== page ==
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FIRST PERSON | Caring for my sister with Alzheimer’s is hard. We’ve found solace in making TikToks | CBC Radio

This First Person column is the experience of Jean Collins, a caregiver to her sister Kathy Collins who was diagnosed with early onset Alzheimer’s. For more information about CBC’s First Person stories, please see the FAQ.

On a scorching day in July 2018, my sister and I clung to one another in the parking lot of a clinic in Duncan, B.C. She had been diagnosed with early onset Alzheimer’s disease. She was 56.

The day she was diagnosed brought a huge relief to Kathy. She finally knew what was happening to her. But relief was not how I felt. I was gutted. All of us who love her were.

A diagnosis like Alzheimer’s is the death by a thousand cuts. At first, it was Kathy’s voice calling from another room, “What was I going to get again?” We would laugh as I yelled, “Paper towels!”

Then, it was discovering she could no longer read a face clock. A cut. Then, she couldn’t put away silverware or shower independently. The indignity of incontinence. Another flinch. Another cut. 

She began shadowing me. Inches away from my body almost always. Her dependence and focus on me is relentless. Another slice.

Kathy Collins in 2014 when she was symptomatic but as of yet undiagnosed. (Submitted by Joan Collins)

Manufacturing surprise and a fresh reaction to a story she’s told me hundreds of times. Holding her in my arms as she sobbed and wailed, “Why is this happening to me?” The times she becomes angry with me over having to wash her favourite clothes, which she wants to wear day in, day out. Or getting into her pyjamas at bedtime.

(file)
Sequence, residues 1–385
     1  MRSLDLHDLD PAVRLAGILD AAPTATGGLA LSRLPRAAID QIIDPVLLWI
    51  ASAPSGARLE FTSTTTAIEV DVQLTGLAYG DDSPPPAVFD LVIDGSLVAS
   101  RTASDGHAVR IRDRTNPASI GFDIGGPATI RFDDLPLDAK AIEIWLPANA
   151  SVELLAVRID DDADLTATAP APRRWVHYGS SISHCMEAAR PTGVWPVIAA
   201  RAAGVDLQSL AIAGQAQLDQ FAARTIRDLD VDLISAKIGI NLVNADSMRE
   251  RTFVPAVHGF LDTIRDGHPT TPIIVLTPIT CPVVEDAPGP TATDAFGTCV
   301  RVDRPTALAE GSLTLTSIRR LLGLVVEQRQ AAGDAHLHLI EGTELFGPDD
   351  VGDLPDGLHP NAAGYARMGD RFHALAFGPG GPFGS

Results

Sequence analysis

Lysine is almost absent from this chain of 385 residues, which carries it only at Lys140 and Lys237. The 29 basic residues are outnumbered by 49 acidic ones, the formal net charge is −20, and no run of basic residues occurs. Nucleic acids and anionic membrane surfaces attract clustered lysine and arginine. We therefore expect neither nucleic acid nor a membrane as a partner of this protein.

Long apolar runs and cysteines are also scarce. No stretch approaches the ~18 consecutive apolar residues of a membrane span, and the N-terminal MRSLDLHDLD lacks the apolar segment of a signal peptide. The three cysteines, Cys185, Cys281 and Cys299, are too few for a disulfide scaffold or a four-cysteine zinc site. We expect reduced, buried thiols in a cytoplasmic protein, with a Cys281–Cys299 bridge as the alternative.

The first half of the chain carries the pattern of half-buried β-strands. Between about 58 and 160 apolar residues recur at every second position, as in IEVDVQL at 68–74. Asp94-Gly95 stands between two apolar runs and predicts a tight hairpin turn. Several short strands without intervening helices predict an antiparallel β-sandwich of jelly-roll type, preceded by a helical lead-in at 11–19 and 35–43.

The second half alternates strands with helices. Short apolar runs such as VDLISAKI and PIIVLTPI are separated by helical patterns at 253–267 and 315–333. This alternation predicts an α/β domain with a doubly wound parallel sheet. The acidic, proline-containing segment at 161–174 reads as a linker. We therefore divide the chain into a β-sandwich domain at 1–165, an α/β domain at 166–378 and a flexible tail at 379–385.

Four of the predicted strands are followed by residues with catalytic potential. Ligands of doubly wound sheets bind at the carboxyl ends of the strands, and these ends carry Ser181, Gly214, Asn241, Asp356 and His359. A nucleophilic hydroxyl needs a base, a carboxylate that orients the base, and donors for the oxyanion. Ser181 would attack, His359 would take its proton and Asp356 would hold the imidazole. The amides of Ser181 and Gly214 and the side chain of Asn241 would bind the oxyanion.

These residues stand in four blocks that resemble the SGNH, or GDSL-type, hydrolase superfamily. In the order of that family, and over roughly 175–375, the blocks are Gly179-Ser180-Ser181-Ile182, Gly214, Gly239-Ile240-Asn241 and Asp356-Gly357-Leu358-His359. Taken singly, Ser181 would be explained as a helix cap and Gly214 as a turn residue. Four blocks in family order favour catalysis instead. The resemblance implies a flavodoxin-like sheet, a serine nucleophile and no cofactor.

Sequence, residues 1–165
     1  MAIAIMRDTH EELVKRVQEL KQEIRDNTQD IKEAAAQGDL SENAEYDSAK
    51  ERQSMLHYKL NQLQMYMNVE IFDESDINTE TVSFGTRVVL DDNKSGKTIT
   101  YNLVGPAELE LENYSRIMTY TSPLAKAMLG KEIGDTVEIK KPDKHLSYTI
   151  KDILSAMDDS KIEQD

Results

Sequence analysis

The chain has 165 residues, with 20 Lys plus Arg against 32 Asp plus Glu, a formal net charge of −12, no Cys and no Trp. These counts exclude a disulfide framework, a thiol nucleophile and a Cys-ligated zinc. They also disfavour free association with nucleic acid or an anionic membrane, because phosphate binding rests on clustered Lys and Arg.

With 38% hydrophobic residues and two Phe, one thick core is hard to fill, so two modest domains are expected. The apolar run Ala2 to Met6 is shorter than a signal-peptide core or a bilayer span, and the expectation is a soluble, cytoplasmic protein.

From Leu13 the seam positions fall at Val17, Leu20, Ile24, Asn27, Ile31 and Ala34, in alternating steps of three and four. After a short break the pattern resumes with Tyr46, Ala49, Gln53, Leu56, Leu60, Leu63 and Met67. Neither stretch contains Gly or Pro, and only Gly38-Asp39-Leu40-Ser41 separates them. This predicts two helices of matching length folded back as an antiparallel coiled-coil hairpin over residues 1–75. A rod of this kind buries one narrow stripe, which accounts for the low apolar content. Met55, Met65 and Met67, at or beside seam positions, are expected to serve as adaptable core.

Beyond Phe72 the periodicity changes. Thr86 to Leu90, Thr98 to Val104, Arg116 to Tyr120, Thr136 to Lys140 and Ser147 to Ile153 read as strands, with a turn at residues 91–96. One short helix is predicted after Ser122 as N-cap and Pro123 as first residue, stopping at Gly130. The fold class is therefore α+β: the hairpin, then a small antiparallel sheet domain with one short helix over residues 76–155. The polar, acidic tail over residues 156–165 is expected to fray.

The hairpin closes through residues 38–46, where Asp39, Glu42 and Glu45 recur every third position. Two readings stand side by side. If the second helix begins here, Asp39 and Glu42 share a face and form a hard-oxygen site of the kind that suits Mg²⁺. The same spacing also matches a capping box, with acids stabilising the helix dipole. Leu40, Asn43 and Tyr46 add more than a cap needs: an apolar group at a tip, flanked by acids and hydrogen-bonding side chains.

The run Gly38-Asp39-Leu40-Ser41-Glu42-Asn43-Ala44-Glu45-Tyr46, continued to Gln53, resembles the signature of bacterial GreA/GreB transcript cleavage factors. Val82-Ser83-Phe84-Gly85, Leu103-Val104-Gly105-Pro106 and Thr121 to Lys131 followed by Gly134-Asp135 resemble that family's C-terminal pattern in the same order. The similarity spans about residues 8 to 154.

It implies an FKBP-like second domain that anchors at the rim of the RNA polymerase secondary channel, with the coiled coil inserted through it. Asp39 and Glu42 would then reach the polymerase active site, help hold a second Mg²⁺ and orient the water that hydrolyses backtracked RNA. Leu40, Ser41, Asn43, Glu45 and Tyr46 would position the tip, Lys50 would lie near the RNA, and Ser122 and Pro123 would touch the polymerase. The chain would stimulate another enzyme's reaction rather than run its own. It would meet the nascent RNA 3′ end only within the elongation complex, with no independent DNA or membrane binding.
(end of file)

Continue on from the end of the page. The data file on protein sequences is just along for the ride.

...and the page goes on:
Since her diagnosis, my laser focus has been on Kathy. Rarely do I cry, except when alone. Locking the bathroom door and turning on the tap when she is home, trying to stop the tears. Deep breaths in. Cold water on face.

The myth of Prometheus comes to mind, hyperbolic as it may be. As a punishment from Zeus, he was chained to a rock and every day an eagle would eat his liver. Overnight it would grow back, and his groundhog day from hell would begin anew.

In 2019, Kathy and I moved in with our elderly parents to support her. At that time, she was in the earlier stage of this great unravel. Bright, funny, beautiful, able to talk about her extraordinary life.

Becoming an ‘Alzheimer’s star’ on TikTok

In April 2020, we downloaded TikTok. We spent hours scrolling through the creative, hilarious, moving posts. As the black cloud of pandemic rolled over the world, bored, scared and in lockdown, we impulsively made a video showing Kathy in her bedroom, talking about the Post-it notes on her walls. They helped her remember things.

Three TikTok posts later, The Kathy Project exploded with views. Almost two-and-a-half years in, our account has reached almost three million eyeballs. We have more than 160,000 followers and we have built a strong, compassionate community. Suddenly Kathy was an Alzheimer’s star and ambassador. I was “Jeannie behind the camera.”

WATCH | Jean Collins filmed a Tiktok reel of her sister Kathy sharing why they moved in with their parents. 

Kathy was electrified by this attention. It infused her with a mission to reach others, to tell people, “this isn’t so bad.”